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Concussions in wheelchair users – are you prepared to properly assess?

The mainstream professional literature has an abundance of published research on balance and posture assessment and rehabilitation following a concussion. A quick search of PubMed yields some 300 thousand plus articles! However, when you add the term “wheelchair” to a similar search, the yield becomes less than a half dozen. Do individuals in wheelchairs experience concussions? Of course they do!

In 2014 Wessels et al published a study in the Archives of Physical Medicine and Rehabilitation whereby they tracked 263 wheelchair basketball players ranging in age from 18-60 over the course of one season. They found that 6.1% reported sustaining a concussion. Unfortunately, only 56% reported their injury to a healthcare provider. Two-thirds of those who didn’t report their injury stated they did not want to be removed from participation. Does this sound familiar? The intellectual thought process of an able-bodied versus a disabled athlete is very similar when it comes to reporting a concussion. Furthermore, the study found that females were more likely to report their symptoms. Again, no surprise.

On this note, are we comfortable and competently prepared to perform a postural assessment of someone in a wheelchair who has sustained an acute mild traumatic brain injury? Is there a seated equivalent to the clinically performed BESS test? Believe it or not, the answer is “YES”, there is an equivalent version and it may bot come as a shocker that it is referred to as the “WESS” test, or Wheelchair Error Scoring System.

How do you perform the WESS test?  

  • Seated hands on hips or wheels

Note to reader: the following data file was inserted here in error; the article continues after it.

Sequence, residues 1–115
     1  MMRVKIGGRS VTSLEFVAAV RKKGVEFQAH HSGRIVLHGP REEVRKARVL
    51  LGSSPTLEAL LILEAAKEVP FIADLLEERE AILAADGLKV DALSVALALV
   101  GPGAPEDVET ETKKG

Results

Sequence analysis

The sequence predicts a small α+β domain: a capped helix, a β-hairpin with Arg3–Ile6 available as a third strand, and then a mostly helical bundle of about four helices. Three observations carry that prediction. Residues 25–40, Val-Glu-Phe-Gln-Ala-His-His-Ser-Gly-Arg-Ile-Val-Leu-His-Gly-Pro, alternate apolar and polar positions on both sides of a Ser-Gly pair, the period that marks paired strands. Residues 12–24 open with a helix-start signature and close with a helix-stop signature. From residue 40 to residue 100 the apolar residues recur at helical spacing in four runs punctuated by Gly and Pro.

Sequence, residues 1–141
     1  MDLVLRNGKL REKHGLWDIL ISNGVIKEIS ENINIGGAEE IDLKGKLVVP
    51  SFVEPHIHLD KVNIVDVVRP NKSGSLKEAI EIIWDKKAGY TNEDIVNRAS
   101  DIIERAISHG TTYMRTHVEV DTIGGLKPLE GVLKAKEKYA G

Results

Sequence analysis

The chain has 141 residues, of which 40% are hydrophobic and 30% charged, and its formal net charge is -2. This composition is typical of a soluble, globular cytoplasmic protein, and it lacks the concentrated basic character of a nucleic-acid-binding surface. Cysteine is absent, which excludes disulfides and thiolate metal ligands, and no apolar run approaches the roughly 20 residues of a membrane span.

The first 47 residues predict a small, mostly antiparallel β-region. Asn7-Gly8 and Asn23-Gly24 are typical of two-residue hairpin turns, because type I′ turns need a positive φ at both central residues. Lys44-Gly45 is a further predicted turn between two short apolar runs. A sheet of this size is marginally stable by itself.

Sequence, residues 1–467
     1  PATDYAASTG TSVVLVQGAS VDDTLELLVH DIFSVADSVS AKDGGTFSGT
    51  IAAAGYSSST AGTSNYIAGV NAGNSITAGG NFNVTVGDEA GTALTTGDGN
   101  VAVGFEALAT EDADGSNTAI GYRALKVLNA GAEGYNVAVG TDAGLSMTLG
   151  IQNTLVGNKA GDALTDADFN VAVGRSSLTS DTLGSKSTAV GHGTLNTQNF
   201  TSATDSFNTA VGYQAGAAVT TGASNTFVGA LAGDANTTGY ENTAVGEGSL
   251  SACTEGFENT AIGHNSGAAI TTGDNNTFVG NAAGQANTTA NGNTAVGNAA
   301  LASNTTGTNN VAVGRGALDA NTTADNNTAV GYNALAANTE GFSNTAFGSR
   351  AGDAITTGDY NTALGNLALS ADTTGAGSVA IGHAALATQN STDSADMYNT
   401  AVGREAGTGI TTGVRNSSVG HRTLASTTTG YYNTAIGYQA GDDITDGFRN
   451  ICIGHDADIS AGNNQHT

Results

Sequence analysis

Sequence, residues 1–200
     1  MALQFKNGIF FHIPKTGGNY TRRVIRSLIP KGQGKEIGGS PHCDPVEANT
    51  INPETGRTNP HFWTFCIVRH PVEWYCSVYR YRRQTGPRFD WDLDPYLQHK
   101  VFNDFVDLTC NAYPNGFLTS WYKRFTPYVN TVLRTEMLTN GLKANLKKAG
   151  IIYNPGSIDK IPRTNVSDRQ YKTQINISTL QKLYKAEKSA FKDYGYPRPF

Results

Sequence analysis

• Seated eyes open on a firm surface
  • Seated eyes closed on a firm surface
  • Seated on a balance disk eyes open
  • Seated on a balance disk eyes closed
  • Wheelie eyes open
  • Wheelie eyes closed

The directions are to maintain a seated posture with hands on hips during the seated trials. For the wheelie trials, patients hold the wheelie position first with eyes open then eyes closed. Obviously, you need to spot appropriately for safety purposes.

Balance errors for the seated position included lifting of the hands off of hips, touching a table or support object nearby, opening eyes during eyes closed testing, or remaining out of position for more than 5 seconds. For the wheelie testing, errors are recorded for regripping the wheel, opening eyes when performing eyes closed test, or remaining out of position for more than 5 seconds. As with the BESS test, a score of 10 is administered if a person is unable to maintain the test position for more than 5 seconds.


The WESS test incorporates similar instructions as the BESS test, assisting with familiarity for the clinician. And it works! It has been to be sensitive and specific enough to detect differences following a concussion, and has been reported to have good inter- and intra-tester reliability and validity. Best of all, it is quick, inexpensive, and easy to administer.

Kudos to Karla Wessels for coming up with this novel test!